Geography: Traveling the World Through the Pages of a Book

The tree is eventually struck by lightning and dies; it is then chopped down and made into a yoke by frontiersmen traveling the Santa Fe Trail. Now, the tree that had been rooted for so long is free to travel and discover the world of the wild, wild West.

In Minn of the Mississippi, a baby snapping turtle hatches out of its protective shell at Little Elk Lake, Minnesota­, one of the headwaters of the Ol’ Miss. It will eventually travel a long and winding journey to the Gulf of Mexico—more than 2,500 miles away. At just a tad over an inch long, the tiny snapper is vulnerable to hungry crows, mischievous boys, and ravenous pickerel fishing for a tasty snack. These dangers prove nearly fatal for the little turtle, and though she manages to survive, she does so minus one rear leg, shot off by a careless boy shooting at crows. Thus begins the intrepid adventures of Minn, who, in the course of her travels, will encounter raccoons, minks, otters, muskrats, beavers, and a host of other river creatures.

Minn will live in a river that has witnessed thousands of years of history, from the ancient Indian Mound Builders to numerous American Indian tribes to frontiersmen of French and American stripe to Civil War soldiers transported upon this watery highway.  Minn will encounter every conceivable mode of river transport and the various types of men and women who ply these waters.  Minn will learn that this river is ever changing its course—carving, cutting, and creating new paths for itself while wiping out and forever burying its past under layers and layers of mud.

In Seabird, a ship’s boy named Ezra is at watch on an eighteenth-century whaler when the sudden uplift of a seagull in flight alerts him to a dangerous iceberg dead ahead. The boy’s gratitude to the seabird for saving the ship from almost certain destruction inspires him to carve an ivory seabird as a mascot for the ship and crew. This seabird travels the Seven Seas with Ezra as the crew seeks out the lucrative whale, a source of oil, baleen, and spermaceti highly prized in that day.

For mates aboard a whaling ship, life is not only a traveling adventure; the pursuit of whales is also a deadly hair-raising challenge in itself. Ezra learns firsthand the heart-stopping fear of a Nantucket sleigh ride, the terror and power of being high in the rigging during a raging storm “South of the Line,” and the tedious boredom of life at sea for years on end. But Ezra also experiences the azure beauty of the islands of the South Seas, the exotic sights and sounds of Chinese ports, and the magnificence of the earth’s largest living mammal—the whale.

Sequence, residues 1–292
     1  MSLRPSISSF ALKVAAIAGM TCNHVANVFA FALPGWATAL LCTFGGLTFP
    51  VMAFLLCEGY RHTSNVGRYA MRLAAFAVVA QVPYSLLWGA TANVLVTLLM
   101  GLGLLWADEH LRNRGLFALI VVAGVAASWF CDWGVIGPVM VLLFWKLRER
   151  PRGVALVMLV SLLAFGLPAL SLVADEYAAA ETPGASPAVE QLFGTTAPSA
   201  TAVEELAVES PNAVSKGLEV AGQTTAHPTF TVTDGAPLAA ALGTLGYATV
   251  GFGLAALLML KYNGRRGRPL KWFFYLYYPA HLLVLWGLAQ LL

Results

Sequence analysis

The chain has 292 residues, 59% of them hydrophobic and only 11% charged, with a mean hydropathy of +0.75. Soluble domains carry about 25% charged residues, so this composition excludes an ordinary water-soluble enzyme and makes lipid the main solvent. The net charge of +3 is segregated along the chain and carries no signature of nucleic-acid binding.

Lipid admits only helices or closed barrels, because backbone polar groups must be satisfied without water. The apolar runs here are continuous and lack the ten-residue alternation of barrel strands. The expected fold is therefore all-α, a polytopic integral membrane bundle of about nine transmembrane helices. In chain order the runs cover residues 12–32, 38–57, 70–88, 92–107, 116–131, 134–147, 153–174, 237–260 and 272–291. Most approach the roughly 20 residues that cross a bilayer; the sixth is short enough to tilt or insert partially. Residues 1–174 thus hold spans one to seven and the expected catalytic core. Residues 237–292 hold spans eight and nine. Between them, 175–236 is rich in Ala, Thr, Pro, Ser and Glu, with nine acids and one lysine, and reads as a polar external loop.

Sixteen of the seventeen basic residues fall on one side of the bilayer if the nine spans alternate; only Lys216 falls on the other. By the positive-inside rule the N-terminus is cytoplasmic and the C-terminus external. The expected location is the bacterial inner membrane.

The story of Seabird traverses three generations of seamen­—Ezra, his son Nate, and his grandson Jim. In the course of their lives, the ships that ply the sea change from the seagoing whale ship to the swift and sleek merchant clipper ships to the coal-fired steamship. Seabird is handed down through these generations, a symbol of the courage of those “that go down to the sea in ships, that do business in great waters; these see the works of the Lord, and his wonders in the deep.”2

Holling Clancy Holling, along with his wife Lucille, have created an enduring literary legacy for youthful adventurers who are still a bit young to take off on travels of their own. His works have inspired generations of children to study geography, history, and the natural world and quite likely, later on, to throw on a traveler’s backpack and see the world, proving the maxim of Emily Dickinson that

“There is no Frigate like a Book To take us Lands away . . . .”3


1. An anthropomorphic character is an inanimate object, a plant or animal that has been given human characteristics and qualities. This literary technique is often used in children’s literature to enable young readers to identify with a particular creation or character invented by the author.

2. Psalm 107:23–24.

3. Dickinson, Emily. Complete Poems. Accessed 29 December, 2011, at


Rea Berg has homeschooled for more than twenty-five years and loves organic gardening, travel to historic sites, nineteenth century literature, and dance. Rea has a B.A. in English from Simmons College and a graduate degree in children’s literature. She has written numerous guides for studying history through literature and has republished many classic children’s works. With her husband, she owns Beautiful Feet Books ( and can be emailed at She blogs about children’s literature at

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